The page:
SXSW FILM 2010
By Don Simpson | March 10, 2010
Director: Miao Wang
Beijing Taxi commences two years prior to the Beijing 2008 Olympic Games. The old city and Socialist lifestyle of Beijing has all but disappeared; a new city of skyscrapers, pillars of Capitalism, is quickly rising from the rubble. As Bai Jiwen, a 54-year old Beijing taxi driver, studiously observes: “The pace of change has sped up, taking bigger strides. To welcome the Olympics! The whole country is supporting Beijing. Faster construction; faster environmental changes.”
Bai is one of three primary subjects whom writer-director Miao Wang follows in order to chronicle the effects that the 2008 Olympic Games (and Capitalism) have on working class Beijingers; the other two subjects – Zhou Yi and Wei Caixia – are also taxi drivers. The three characters are perfect examples of how education (or lack there of) can determine a person’s fate especially in a Capitalist economy.
Bai is counting down the years to his retirement (as of 2006, he has six years remaining). Despite the limitations of his 4th grade education, upon retirement Bai hopes to study abroad, travel and take photos. Intelligent and thoughtful beyond his education level, Bai waxes philosophically about the recent changes in Beijing: “In the old days under Mao, everyone had food on their table, it wasn’t good, but everyone had some. Now some are very poor while a few are extremely rich. As Deng Xiaoping said, a few have to get rich first. Opening the economic doors…Those with skills will get rich first. Someone like me, with no skills, won’t get rich.” Bai understands something that the Chinese government seems to be ignoring: “A Socialist country becoming Capitalist, there has to be a transition. Only when a certain standard is achieved can we reach Capitalism. From a country of poverty and backwardness to an economically powerful country, there has to be a process.”
The Olympic Games become nearer and Zhou Yi is the first of the three subjects to lose their taxi permit. The reason why Zhou has lost his permit is rather ambiguous. However, we do know that his old taxi kept breaking down and he was going to have to get a new one in order to continue driving. We also learn that Beijing taxi drivers were required to pass various aptitude tests (on subjects such as geography and English) in order to qualify to drive during the Olympic Games. Regardless of why, Zhou soon finds himself on unemployment.
Wei Caixia has been a bus driver and a school teacher. She is a modern Chinese woman – independent and forever craving freedom. Wei wants an easier life for herself and her young daughter. She constantly debates with her husband about various business schemes – according to Wei, these arguments are her only form of communication with her husband. Wei’s dream is to open a clothing store – in the process of fulfilling this dream she divorces her skeptical husband.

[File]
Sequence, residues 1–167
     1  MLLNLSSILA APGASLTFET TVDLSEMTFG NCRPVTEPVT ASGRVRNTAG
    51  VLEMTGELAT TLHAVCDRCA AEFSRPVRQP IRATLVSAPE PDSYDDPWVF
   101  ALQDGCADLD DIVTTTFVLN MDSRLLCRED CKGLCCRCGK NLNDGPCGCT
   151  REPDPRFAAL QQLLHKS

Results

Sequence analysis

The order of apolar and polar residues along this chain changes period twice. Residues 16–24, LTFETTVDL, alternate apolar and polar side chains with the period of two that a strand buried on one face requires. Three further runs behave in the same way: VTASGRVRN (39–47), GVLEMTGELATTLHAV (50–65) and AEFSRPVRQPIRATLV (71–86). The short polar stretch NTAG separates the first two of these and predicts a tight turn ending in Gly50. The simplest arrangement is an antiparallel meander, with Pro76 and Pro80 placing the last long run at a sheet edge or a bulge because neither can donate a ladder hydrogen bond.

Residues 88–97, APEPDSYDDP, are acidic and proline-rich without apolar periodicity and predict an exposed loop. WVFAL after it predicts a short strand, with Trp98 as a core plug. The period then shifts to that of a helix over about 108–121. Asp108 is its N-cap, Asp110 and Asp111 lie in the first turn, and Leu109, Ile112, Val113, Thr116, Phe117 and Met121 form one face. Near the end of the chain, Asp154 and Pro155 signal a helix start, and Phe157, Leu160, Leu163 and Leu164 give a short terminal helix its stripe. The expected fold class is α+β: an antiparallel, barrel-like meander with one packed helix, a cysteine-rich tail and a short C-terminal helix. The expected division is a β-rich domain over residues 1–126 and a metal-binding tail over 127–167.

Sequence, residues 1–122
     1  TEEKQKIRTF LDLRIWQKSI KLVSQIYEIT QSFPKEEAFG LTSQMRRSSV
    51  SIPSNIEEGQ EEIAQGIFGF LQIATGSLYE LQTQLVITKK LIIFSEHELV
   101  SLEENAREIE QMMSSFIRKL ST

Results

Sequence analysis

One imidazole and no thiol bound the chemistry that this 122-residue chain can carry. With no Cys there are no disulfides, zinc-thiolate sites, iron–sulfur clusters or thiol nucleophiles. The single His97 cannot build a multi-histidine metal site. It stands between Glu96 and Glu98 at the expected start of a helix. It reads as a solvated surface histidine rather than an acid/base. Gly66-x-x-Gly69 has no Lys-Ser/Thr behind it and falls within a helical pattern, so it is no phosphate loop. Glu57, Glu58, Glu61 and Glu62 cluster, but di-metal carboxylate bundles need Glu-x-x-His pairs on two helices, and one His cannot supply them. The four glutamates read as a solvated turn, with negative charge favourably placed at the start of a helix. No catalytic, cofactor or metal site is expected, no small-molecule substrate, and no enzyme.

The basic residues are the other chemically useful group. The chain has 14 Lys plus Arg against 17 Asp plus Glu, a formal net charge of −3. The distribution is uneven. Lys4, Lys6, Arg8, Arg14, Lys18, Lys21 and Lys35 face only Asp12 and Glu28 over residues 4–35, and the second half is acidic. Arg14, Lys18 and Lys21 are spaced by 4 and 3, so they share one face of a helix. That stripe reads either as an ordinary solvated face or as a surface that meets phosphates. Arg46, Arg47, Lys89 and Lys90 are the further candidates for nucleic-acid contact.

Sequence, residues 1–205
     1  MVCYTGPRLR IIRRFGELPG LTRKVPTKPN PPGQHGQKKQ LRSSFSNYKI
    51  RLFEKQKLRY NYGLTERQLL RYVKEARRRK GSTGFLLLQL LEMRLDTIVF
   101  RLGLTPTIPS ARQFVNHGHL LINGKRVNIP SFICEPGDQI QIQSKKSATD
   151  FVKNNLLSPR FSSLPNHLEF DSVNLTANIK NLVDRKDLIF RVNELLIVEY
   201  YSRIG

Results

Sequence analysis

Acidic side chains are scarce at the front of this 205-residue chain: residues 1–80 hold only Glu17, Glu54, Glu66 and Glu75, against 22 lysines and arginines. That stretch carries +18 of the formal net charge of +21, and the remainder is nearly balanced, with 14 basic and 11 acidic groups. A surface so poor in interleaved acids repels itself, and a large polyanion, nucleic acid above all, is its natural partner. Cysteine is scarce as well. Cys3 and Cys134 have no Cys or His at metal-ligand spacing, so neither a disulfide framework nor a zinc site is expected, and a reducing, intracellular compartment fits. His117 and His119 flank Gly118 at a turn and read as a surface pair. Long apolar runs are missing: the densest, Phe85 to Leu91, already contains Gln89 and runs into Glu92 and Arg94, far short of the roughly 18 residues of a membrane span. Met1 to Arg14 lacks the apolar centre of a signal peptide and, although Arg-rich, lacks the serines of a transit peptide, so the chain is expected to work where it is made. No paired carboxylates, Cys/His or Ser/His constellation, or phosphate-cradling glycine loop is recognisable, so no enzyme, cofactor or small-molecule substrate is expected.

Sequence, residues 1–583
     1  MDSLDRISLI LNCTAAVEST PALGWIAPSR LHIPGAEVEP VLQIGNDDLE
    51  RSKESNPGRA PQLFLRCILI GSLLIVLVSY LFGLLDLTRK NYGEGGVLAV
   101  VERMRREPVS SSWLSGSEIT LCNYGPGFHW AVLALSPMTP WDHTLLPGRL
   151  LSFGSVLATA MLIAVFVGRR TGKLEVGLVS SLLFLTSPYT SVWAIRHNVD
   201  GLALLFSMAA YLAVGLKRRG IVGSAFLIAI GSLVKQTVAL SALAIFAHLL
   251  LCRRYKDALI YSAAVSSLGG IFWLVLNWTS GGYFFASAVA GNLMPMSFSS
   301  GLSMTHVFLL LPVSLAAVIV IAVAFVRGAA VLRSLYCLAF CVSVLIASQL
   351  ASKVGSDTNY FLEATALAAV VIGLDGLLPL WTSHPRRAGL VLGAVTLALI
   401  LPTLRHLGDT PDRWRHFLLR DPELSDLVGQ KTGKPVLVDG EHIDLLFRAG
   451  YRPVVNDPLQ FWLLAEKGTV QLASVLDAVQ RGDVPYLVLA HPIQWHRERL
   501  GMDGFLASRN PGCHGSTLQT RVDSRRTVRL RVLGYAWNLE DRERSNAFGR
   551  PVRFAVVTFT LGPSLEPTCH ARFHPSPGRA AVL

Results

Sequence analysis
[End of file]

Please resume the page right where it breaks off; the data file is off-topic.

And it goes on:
It is not long before Bai loses his taxi permit due to illness. One of the greatest hardships of taxi driving is that you do not make much profit while working, so you cannot afford to lose money by not driving. You cannot get sick, you cannot take vacations. No matter if you drive the taxi or not, you must pay for it every day.
This is not just a documentary about taxi drivers; Beijing Taxi functions on a much higher level as well. Wang rarely settles down for talking head interviews; instead she takes to the streets – by foot and by car – to reveal the real Beijing. We witness firsthand what modernity and Capitalism are doing to China’s capital city. Bai goes to a “low cost hospital for ordinary citizens.” It seems like everyone in Beijing smokes cigarettes. Billboards for foreign products are everywhere. Old women work on construction projects. Everywhere there is rubble and dust. Time has become a commodity; everyone is expected to move faster (even Wei tells her daughter on the way to kindergarten: “Late again, your teacher is going to scold you”), yet traffic and travel restrictions keeps cars at a near standstill.
A lot has changed in Beijing lately – and most of it appears to have negative repercussions on the working class and poor – but we are subtly reminded, while in Wei’s cab, that not everything has changed as the camera reveals a wad of cash kept in an open dashboard compartment in plain view of her clients. (Is this a sign of honesty and trust or a carefree attitude toward money? Either way, an exposed wad of cash in a New York City cab would not last very long.)